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Who Are You Calling Angry?

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I see by the newspapers that I'm supposed to be enraged. Conservatives are like that, you see. Kind of touchy--unbalanced, really. When a politician we don't like--Al Gore, in this case--goes to court to try, for the first time in history, to overturn the certified result of a presidential election, and then launches a raft of novel and fallacious legal theories to muddy the clear intent of legally passed statutes, and finally enlists the aid of a politically sympathetic team of state supreme court judges to count the votes and count them again until the tally makes him the winner--well, we conservatives just refuse to do the gentlemanly thing. We lose our heads. We depart the world of rationality.

It says so right here. We "bellow," says the Los Angeles Times. And "howl." We reach "fever pitch." Our "rage sharpens" our rhetoric, says the Washington Post. We "unleash our wrath," says the Baltimore Sun. I always trust the newspapers, of course, but I've searched myself for signs of rage, and I've come up empty. The same is true for my conservative pals (not one of whom, I'm happy to say, could be counted among the G.O.P. battalion of Brooks Brothers goons who actually did bellow and howl at Miami-Dade officials last month). Like most people, conservatives ran through a series of emotions last week. I was mildly pleased when Judge Sauls slapped down Vice President Gore's lawsuit contesting the election, and I was mildly alarmed by the Vice President's brief press conference, when he pronounced himself "optimistic" (Who's unbalanced now? I wondered), and then, when the Florida Supreme Court overturned Judge Sauls' ruling and confirmed Gore's optimism, I somehow managed not to foam at the mouth. But I was surprised and appalled. And then surprised again and pleased again, 24 hours later, with the U.S. Supreme Court's emergency stay.

All of which seems to me, with all due respect to the L.A. Times and the others, to be a perfectly rational reaction. The dispute over Florida touches on first principles, as disputes between liberals and conservatives often do. The train of reasoning is roughly as follows. Most people not besotted by partisanship have reached the conclusion that the vote in Florida is a statistical tie. Out of 6 million votes, the difference between the two candidates' totals is so slender that it could be accounted for by any number of variables having nothing to do with the intent of the voters--errors committed either by machines or by humans, in either the casting of votes or their tabulation. These variables, and the extent to which they influenced the vote, are essentially unmeasurable and hence unknowable. Count the totals 10 times, and you will get 10 different results--first one winner, then another, and then the first one again.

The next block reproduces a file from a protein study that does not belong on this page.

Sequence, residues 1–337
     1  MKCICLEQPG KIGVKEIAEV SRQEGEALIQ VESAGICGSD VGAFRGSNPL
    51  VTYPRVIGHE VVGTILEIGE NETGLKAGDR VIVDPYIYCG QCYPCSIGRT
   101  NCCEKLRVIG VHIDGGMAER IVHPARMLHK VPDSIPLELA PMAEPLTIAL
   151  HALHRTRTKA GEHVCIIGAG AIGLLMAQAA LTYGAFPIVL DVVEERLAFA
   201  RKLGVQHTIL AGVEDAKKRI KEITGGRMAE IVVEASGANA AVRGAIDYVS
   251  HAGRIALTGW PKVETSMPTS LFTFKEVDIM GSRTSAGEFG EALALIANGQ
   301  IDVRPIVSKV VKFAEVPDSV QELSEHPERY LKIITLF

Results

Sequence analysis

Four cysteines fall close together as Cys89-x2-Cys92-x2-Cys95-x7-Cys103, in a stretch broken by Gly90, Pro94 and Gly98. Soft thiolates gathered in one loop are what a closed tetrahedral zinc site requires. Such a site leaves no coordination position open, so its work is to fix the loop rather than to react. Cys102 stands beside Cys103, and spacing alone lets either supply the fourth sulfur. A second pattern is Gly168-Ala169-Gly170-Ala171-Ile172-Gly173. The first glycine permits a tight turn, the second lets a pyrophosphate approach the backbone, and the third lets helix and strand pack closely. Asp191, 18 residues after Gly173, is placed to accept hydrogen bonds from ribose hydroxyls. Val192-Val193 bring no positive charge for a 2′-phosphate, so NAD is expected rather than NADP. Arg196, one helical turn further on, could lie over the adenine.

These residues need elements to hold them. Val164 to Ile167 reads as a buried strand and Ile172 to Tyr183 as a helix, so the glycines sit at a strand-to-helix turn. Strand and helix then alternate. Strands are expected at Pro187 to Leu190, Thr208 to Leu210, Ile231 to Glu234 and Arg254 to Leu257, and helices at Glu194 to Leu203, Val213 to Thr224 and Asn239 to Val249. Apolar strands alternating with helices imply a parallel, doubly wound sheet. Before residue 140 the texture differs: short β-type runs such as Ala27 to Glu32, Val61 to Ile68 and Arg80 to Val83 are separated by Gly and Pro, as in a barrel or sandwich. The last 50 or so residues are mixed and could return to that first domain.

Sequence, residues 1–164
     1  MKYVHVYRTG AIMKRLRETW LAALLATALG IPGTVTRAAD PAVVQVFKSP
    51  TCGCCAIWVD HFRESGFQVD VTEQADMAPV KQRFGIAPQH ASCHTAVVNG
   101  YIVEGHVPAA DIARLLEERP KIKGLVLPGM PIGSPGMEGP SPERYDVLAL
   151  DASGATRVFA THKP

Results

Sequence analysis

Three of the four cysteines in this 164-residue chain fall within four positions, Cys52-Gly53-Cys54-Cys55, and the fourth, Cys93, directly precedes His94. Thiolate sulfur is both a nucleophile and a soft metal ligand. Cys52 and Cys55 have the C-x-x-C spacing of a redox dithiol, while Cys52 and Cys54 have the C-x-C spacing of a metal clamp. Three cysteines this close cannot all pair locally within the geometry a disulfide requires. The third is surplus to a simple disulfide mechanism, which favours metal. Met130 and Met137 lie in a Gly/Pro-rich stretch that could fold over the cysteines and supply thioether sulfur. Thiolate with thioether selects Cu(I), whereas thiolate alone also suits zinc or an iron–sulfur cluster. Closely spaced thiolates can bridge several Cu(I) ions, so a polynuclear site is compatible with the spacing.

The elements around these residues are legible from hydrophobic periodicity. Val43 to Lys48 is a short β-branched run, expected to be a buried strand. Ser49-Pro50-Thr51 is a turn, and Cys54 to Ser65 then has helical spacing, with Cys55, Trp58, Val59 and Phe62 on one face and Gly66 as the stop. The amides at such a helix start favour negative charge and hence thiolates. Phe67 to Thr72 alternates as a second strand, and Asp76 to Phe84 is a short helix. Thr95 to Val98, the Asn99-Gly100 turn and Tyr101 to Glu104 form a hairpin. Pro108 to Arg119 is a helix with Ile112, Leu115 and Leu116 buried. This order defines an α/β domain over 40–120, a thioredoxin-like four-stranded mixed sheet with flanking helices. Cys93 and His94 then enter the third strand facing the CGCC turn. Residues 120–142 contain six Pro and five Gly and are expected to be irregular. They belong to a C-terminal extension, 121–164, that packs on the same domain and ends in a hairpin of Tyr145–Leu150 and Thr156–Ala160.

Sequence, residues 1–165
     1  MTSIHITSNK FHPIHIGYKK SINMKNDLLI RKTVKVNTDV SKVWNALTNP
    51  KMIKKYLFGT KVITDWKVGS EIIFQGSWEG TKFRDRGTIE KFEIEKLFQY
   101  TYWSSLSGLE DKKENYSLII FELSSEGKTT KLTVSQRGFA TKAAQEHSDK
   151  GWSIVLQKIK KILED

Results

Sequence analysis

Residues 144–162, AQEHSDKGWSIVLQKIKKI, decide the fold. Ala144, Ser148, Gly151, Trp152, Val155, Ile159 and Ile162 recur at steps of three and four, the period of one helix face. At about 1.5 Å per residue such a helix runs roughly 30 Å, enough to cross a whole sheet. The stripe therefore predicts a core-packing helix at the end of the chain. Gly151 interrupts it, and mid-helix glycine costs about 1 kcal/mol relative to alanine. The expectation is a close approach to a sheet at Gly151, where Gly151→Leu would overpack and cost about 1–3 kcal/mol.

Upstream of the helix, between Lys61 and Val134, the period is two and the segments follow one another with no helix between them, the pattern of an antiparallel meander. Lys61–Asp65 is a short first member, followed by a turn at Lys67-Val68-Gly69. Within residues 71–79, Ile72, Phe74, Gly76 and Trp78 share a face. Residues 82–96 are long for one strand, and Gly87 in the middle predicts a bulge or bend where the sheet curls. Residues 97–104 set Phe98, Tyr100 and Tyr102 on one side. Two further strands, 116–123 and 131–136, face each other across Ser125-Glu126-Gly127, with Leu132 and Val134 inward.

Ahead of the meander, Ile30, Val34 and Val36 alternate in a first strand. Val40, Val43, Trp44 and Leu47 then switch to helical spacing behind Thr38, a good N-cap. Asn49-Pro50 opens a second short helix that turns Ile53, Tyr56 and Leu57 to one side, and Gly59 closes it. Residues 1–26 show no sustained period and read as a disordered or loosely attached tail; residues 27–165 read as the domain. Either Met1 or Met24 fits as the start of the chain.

Here is where the first principles come in. Life is messy. It is often maddeningly so, as in the case of Florida. Over many centuries, people lucky enough to live in democracies have devised a method to draw some kind of certainty from life's irregularities. Through their representatives they write laws, and these laws become neutral, objective principles to which everyone can appeal. A law is intended to bring order out of chaos. When it turns out that the law is poorly suited to its purposes or otherwise deficient, then it can be changed. But it must be changed in a particular way: by the people themselves, through representatives accountable to them alone. This is what "consent of the governed" means. As a practical matter, the consent of the governed is expressed by legislators who are voted into office for the purpose of writing new laws and changing old ones. If the legislators change or write those laws in ways we disagree with, then we get to get rid of the legislators and hire replacements. Ta-da! Democracy! The rule of law!

This is what Florida's legislators did. By Election Day, they had put in place a number of laws to regulate the messiness that invariably results when 6 million people go to thousands of polling places to cast ballots that are then counted in a variety of ways by hundreds of different officials. And a whopping messiness--a mess of unprecedented proportions--did indeed result. But the laws were there to regulate it. And under the law, George Bush won Florida. This is not to say that he won in the sense of cosmic certainty, under the aspect of eternity, in the sight of an all-knowing being. Cosmic certainty is denied to human beings. In its place--a poor substitute, I admit--they have laws.

Four justices of the Florida Supreme Court changed those laws last week, long after the election was over. They are not supposed to do this. Judges aren't supposed to write law because they aren't responsible to us in the same way legislators are. And when they do, it is no trifling matter. It is an assault on the barriers that free people construct to separate themselves from chaos. The barriers have been breached, and the justices have offered us a terrifying glimpse of chaos. Come to think of it, maybe conservatives--maybe everybody--should be enraged after all.


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Cover Date: December 18, 2000

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